Miracle Fruit Story

CES-AID: Teachers volunteer time and talent for a good cause

CES school in Dublin, Ireland, organise annual variety show, raising more than €40,000 for charity since 2012

Our Goal

CES teachers and social programme organisers known as 'yellow shirts' volunteer their time and talent to perform a charity concert for their students.

The aim is simple: to raise money for charity and have a great time doing it!

The event has come to be known as CESAID.

Our Miracle Fruit

The first of these events was in 2012. The greater CES family, including schools in Oxford, Wimbledon, Worthing, Leeds, and Dublin, were to devise ways to raise money for charity. The initiative benefitted from the great energy and drive of the school's owners. In Dublin, two CES teachers were musicians, and so their respective bands performed a concert. People came. Tickets were sold. It was a great success. 

Across all CES schools, more than €11,000 was raised for Soul Of Haiti in the wake of the tragic events of 2010.

The following summer, the social programme again invited an end of year concert. This time CES Dublin raised €8,791 for Soul of Haiti. A teacher from CES subsequently travelled to Haiti to witness the 2013 funds in action, taking part in the construction and painting of a new school in Ile A Vache along with a team of doctors, nurses and tradesmen. While there, she also helped to start the process of building a database of children in the school and the adjacent orphanage for the Sponsor a Child Project.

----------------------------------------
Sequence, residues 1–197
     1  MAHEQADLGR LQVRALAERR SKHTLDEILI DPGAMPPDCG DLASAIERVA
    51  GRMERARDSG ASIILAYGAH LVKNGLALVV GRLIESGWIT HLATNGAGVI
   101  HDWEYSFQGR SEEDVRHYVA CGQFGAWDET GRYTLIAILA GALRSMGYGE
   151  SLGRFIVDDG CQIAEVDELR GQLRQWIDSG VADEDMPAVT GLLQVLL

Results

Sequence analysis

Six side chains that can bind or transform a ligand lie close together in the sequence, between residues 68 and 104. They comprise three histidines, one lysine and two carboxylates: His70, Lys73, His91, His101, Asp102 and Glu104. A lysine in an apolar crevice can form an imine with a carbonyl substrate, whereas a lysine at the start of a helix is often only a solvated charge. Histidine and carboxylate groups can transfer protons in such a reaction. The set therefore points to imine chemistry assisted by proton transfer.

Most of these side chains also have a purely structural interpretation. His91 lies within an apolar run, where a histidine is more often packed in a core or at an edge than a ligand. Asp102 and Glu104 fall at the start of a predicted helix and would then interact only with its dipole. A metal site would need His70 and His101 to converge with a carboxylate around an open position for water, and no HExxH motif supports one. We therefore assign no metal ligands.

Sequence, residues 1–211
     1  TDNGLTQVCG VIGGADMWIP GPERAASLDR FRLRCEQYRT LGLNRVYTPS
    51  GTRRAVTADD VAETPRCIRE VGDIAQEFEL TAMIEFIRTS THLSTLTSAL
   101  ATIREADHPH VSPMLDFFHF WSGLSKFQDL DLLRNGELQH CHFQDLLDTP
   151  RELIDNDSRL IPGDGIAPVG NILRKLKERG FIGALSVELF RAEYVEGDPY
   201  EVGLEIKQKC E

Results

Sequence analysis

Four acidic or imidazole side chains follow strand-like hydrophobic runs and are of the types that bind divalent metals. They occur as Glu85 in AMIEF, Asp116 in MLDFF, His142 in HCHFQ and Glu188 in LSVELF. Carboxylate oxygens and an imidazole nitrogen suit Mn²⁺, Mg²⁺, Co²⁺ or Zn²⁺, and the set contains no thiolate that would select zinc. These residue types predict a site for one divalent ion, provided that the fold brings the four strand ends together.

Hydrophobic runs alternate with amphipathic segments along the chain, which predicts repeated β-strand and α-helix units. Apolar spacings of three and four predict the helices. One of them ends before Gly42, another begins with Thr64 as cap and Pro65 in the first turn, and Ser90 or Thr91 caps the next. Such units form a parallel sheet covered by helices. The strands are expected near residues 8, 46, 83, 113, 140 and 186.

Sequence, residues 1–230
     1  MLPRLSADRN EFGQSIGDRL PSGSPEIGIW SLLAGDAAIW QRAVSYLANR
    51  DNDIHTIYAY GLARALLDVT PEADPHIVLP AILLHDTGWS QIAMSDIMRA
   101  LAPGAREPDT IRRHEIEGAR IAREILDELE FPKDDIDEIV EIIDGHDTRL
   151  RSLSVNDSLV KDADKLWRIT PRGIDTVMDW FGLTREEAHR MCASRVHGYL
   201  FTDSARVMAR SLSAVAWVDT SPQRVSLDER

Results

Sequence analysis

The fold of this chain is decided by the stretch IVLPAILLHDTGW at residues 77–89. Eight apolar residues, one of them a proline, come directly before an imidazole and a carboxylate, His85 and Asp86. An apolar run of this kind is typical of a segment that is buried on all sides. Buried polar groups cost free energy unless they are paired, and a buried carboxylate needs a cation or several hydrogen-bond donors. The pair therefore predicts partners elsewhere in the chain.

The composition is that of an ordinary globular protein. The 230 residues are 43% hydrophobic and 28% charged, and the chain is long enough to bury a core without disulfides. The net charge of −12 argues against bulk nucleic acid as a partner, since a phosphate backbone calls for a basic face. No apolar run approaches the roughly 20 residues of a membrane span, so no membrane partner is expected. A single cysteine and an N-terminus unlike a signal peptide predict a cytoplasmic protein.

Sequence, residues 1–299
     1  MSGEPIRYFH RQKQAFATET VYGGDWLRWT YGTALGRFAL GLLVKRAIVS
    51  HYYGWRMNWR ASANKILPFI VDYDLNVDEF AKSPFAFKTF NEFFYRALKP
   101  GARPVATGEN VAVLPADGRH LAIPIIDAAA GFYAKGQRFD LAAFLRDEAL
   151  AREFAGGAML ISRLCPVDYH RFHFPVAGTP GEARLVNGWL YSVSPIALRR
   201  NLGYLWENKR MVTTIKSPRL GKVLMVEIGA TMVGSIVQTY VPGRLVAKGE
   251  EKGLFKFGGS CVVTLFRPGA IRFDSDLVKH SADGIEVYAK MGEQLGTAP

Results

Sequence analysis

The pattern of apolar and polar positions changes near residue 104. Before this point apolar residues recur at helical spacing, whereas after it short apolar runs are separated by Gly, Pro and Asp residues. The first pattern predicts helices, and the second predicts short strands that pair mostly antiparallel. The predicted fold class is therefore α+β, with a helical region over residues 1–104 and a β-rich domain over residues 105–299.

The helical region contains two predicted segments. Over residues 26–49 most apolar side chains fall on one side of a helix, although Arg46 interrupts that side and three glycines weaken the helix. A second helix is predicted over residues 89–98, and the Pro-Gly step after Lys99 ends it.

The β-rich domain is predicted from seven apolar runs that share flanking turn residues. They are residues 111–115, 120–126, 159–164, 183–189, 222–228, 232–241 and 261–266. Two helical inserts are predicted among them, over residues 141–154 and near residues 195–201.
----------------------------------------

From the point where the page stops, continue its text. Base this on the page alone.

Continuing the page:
The following year, the format of the event changed to become a sort of variety show, which created some logistical challenges. Every year, songs have to be selected, learned, and rehearsed. Tickets have to be sold, and the event has to be promoted to students. Equipment has to be humped and set up. It's fun seeing first-time performers negotiating with sound checks, sound men and monitors in a well-equipped and professionally-run venue like The Grand Social. 

At a typical CESAID night, teachers and 'yellow shirts' volunteer to sing, dance, DJ, or do face painting, or just attend to cheer on their colleagues. Others give up their free time for rehearsals in the run-up to the event. The show largely consists of a kind of live-band karaoke, with teachers and 'yellow shirts' singing the hits, ably backed by a group of teacher-musicians. This 'house band' has christened itself The P45s somewhere along the way, so-named for those precarious moments when the lights and the applause conspire to coax out the more rock n' roll side of the performers' personalities. 

Ultimately, the students and attendees are the heart of the night. If people didn't come along and so generously lend their fun and enthusiasm (not to mention their hard-earned ticket money), it simply couldn't happen. Thankfully, it has become a fixture and a favourite in the school's social calendar.

The funds raised since 2014 have gone to St. Paul's school in Lahore, with the result that several children per year who may not otherwise have continued their formal schooling have had their annual fees paid and books purchased by CESAID funds. It is a tradition to present a cheque at the end of the summer and to receive letters of thanks from those pupils in Lahore whose continued education is supported by the 'scholarship'.

In total, more than €40,000 has been raised for charity by CESAID events since 2012.

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Miracle Fruit

Native to West Africa, the miracle fruit got its name because it turns sour things sweet. Eureka! When eaten, the effect can last for about 30 minutes.


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